Harper’s Weekly – November 11, 1871
Nast used the Tammany Tiger for his campaign climax, along with five other cartoons — occupying four-plus pages in total — in the post-dated November 11 Weekly, available six days before the election. However, his keynote tiger had to compete for attention with Mrs. O’Leary’s cow and the resultant Chicago fire, whose illustrations and descriptions were featured on the cover and several other pages.
Nast prepared this double-page cartoon well in advance of its publication. Now he flung What are you going to do about it? directly at Harper’s 275,000 circulation — swollen to more than twice its regular size, primarily because of Nast’s cartoons — and million-plus readers. Set in the Roman Colosseum, he pictured the action from the floor with the Ring members looking on apprehensively as the massive tiger — 11 inches from tail to paw — mauled Lady Liberty. Her “Republic” crown and sword of power lay in pieces; the “law” torn; the “ballot” bowl shattered; and Justice dead, scales and sword broken by her side.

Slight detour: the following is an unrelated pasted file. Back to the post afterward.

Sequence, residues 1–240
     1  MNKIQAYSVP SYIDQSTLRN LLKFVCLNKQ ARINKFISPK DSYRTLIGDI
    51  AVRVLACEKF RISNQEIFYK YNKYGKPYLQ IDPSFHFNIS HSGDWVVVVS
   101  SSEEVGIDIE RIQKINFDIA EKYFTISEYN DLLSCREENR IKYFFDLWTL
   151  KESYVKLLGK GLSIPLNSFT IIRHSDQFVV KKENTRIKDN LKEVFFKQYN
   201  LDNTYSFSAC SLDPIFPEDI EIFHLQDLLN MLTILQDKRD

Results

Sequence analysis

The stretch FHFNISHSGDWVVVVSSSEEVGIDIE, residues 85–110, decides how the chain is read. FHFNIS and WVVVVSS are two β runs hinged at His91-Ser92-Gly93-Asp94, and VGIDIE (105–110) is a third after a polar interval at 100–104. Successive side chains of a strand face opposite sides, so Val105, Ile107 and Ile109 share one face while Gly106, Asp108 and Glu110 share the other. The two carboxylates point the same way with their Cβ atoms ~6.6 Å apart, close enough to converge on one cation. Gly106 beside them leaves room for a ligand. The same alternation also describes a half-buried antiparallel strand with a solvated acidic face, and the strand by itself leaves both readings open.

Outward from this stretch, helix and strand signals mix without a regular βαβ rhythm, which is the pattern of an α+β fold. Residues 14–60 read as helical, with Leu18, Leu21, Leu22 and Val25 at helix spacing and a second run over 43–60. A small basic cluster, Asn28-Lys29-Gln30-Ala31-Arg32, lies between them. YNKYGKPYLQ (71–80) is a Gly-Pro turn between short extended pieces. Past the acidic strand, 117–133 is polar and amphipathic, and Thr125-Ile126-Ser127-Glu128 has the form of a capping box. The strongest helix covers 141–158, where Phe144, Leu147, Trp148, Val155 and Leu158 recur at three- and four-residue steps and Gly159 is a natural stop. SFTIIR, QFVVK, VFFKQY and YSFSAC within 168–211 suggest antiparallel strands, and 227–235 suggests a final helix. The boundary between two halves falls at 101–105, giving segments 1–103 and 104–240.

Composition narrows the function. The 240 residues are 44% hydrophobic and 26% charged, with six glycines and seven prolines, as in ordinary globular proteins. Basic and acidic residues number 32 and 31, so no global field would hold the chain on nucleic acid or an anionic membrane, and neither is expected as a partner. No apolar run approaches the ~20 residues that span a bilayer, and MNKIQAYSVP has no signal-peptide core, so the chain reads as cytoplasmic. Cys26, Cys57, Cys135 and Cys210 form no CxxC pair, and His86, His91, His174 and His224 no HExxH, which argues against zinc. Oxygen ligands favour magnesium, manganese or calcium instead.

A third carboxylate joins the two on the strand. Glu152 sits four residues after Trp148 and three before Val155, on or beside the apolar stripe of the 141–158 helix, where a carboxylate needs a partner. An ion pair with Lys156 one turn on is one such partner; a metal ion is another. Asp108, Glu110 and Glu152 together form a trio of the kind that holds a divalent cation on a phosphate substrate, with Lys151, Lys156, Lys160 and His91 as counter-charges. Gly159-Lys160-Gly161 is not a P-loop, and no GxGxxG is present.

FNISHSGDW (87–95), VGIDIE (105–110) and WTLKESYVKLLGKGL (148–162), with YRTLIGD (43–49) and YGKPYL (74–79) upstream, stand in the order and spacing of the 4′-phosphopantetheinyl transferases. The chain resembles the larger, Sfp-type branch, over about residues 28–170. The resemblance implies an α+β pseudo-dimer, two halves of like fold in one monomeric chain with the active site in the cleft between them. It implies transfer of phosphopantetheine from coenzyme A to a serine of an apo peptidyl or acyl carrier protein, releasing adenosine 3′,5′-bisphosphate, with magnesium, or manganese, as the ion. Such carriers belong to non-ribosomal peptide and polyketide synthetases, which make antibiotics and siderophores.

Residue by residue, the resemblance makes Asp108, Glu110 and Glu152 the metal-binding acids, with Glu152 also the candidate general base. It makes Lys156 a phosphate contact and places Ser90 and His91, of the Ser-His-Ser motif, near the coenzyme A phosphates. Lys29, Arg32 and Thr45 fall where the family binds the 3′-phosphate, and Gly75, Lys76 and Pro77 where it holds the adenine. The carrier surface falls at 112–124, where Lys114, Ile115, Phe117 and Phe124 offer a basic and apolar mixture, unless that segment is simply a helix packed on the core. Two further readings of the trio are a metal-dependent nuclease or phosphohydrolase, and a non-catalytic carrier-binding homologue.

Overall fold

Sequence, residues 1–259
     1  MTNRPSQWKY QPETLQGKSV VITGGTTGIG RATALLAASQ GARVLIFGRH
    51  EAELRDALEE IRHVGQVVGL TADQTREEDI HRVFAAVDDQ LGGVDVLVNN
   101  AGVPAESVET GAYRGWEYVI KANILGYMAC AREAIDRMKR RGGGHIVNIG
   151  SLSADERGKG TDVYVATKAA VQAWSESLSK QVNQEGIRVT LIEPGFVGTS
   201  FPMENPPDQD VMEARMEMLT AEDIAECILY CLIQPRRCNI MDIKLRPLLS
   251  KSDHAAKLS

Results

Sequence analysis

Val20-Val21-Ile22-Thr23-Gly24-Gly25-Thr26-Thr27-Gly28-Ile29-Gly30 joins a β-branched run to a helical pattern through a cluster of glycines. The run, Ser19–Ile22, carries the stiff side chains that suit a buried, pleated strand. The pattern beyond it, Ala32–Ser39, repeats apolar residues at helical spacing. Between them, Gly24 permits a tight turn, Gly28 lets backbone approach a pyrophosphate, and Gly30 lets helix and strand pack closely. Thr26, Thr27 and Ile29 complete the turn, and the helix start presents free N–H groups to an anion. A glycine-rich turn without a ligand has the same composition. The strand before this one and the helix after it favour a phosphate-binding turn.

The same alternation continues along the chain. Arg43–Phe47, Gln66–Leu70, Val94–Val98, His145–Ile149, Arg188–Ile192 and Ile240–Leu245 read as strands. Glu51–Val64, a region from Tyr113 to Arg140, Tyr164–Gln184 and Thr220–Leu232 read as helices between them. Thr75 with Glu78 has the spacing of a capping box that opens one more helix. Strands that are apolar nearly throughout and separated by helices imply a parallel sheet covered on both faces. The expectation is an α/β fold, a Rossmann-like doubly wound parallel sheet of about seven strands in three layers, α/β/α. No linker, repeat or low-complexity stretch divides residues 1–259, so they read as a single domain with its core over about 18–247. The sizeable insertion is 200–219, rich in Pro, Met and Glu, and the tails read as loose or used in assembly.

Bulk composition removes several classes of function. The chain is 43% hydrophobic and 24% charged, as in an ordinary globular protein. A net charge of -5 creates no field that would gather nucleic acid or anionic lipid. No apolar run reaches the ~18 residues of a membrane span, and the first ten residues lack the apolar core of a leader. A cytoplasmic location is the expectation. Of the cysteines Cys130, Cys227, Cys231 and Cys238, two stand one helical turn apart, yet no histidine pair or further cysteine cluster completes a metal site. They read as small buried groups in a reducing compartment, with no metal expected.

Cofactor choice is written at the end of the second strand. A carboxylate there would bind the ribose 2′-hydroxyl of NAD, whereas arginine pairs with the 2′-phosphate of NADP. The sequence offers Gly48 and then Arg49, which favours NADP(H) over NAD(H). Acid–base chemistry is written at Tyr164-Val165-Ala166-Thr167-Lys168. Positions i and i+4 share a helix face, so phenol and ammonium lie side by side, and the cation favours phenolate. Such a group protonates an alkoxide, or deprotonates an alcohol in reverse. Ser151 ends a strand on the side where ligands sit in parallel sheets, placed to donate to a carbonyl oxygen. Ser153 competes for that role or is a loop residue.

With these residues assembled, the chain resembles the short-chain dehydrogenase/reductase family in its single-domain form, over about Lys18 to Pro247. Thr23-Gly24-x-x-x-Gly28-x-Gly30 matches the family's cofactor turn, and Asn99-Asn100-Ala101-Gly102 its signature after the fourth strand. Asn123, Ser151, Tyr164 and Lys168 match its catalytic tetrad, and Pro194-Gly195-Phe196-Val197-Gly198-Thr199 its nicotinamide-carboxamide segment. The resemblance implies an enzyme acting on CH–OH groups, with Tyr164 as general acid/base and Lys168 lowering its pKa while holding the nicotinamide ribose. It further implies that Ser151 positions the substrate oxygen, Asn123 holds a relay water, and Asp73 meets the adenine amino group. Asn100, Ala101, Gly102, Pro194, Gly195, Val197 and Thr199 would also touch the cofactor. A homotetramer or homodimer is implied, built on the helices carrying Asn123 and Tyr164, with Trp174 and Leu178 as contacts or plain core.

Of the principal Ring members, only State Senator Tweed was on the ballot. He actually won but never took his seat. Peter Sweeny’s brother-in-law, Mike Norton, and Tweed’s Republican buddy, Tom Fields, also running for the Senate, lost. The major victor was the State Attorney-General, whose office could now prosecute the Ring without interference.
Looking at Nast’s career in its entirety, The Tammany Tiger Loose was probably the second-most impactful cartoon he ever drew, and among the tops in American political history. (Compromise with the South was the most important. See Civil War cartoons.)